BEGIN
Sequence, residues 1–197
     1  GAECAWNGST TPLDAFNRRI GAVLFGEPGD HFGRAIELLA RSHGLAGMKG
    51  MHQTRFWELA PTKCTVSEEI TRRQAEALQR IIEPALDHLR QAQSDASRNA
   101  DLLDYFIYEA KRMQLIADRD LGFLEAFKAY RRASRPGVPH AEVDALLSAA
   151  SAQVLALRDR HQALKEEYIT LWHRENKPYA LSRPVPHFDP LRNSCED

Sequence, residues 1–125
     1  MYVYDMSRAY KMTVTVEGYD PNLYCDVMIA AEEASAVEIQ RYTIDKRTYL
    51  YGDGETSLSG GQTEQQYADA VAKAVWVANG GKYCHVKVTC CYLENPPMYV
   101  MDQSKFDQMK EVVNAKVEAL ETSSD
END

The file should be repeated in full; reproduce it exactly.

Sequence, residues 1–197
     1  GAECAWNGST TPLDAFNRRI GAVLFGEPGD HFGRAIELLA RSHGLAGMKG
    51  MHQTRFWELA PTKCTVSEEI TRRQAEALQR IIEPALDHLR QAQSDASRNA
   101  DLLDYFIYEA KRMQLIADRD LGFLEAFKAY RRASRPGVPH AEVDALLSAA
   151  SAQVLALRDR HQALKEEYIT LWHRENKPYA LSRPVPHFDP LRNSCED

Sequence, residues 1–125
     1  MYVYDMSRAY KMTVTVEGYD PNLYCDVMIA AEEASAVEIQ RYTIDKRTYL
    51  YGDGETSLSG GQTEQQYADA VAKAVWVANG GKYCHVKVTC CYLENPPMYV
   101  MDQSKFDQMK EVVNAKVEAL ETSSD